#3 – Spongebob Squarepants: Plankton’s Robotic Revenge

People that haven’t played video games starring television’s favorite sea sponge may not understand why there were expectations to be had, but believe it or not, Spongebob has always had a stellar lineup of titles. Particularly, the Battle for Bikini Bottom and The Spongebob Squarepants Movie games are legitimately and thoroughly fun games, especially for fans of the cartoon series. Heck, later titles like Creature of the Krusty Krab and even the game based off the crappy Truth or Square special are harmless and can be enjoyed.

And then the rights to the franchise’s game licensing got bought out by Activision when THQ closed…


Plankton’s Robotic Revenge is a soulless use of marketing, much like most of Activision’s properties. Spongebob and the crew get equipped with uninspired weaponry to destroy uninspired robot enemies to foil Plankton’s uninspired scheme to steal the Krabby Patty formula. Literally every aspect of this game’s design is boring and off-putting, and I doubt Spongebob is known for being such things.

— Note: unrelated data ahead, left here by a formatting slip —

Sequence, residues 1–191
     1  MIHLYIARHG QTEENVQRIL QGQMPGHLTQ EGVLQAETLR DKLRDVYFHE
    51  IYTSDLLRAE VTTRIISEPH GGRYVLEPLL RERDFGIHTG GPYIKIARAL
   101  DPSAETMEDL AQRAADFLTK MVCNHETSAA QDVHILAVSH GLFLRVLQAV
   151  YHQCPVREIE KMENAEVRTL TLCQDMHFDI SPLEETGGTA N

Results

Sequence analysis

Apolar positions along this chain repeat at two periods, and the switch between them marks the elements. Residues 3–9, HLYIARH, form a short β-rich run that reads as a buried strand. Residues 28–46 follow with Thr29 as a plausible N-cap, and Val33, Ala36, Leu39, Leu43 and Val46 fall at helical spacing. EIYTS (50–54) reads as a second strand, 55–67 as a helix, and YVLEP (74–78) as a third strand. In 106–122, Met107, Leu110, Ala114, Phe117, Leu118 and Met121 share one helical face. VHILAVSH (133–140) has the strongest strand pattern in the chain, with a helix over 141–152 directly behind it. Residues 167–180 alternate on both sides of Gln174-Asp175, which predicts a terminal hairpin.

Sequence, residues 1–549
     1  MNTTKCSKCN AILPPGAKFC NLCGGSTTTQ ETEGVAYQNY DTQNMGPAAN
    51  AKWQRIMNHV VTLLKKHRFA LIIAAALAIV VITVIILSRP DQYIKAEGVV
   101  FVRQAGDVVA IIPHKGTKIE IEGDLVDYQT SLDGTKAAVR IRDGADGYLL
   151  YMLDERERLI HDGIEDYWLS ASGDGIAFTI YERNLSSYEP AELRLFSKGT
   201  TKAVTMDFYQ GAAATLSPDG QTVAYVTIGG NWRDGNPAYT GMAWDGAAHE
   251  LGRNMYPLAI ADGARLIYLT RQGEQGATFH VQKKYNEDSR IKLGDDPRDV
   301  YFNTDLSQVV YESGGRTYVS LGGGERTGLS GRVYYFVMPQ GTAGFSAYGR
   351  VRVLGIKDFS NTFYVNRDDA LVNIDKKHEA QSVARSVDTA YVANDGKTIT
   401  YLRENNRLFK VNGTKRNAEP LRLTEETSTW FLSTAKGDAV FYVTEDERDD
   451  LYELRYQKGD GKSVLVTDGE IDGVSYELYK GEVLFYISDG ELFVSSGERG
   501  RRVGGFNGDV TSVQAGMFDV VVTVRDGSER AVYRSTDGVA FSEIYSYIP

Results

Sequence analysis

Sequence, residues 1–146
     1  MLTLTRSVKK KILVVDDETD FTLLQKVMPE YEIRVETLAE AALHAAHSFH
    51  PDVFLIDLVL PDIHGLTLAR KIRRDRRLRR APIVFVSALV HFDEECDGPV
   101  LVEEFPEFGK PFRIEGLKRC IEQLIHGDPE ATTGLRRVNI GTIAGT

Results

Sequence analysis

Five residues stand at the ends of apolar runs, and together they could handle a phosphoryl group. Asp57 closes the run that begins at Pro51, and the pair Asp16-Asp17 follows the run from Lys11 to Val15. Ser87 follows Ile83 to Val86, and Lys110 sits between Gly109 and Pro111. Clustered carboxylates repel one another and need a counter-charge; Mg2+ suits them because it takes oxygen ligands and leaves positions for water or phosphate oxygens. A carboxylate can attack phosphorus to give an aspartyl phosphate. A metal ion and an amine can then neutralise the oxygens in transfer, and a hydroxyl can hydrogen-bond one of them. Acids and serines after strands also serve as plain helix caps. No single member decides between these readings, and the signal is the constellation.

The level designs are all extremely linear and filled with the same types of enemies throughout, and while the characters look freshly recreated with their new models, the cutscenes have clunky bare-bones writing and the characters don’t even face themselves or the screen the majority of the time they make said badly written exchanges. To think Spongebob once had games that followed the expansive platform-adventure formula Super Mario 64 popularized.


#2 – Major Minor’s Majestic March

If the art style looks familiar to you, then you may be reminded of a certain Playstation classic named Parappa the Rapper. Created by Japanese pop musician Masaya Matsuura and abstract artist Rodney Greenblat, Parappa is often credited for being the reason rhythm games exist. It’s highly stylized, highly likable, and highly influential.

Unfortunately, this series came to a halt after the release of Parappa the Rapper 2 on the Playstation 2. There were various inner troubles regarding who owned what for the franchise among other things, keeping it on ice until some random miracle calls for a Parappa 3 to exist. But Masaya’s team did get to work with Rodney on an original project altogether as an exclusive for the Wii. Majesco took publishing duties this time, but Masaya’s development team, NanaOn-Sha, was ready to provide a new rhythm game experience for Nintendo’s motion-controlled system.

So…..what happened?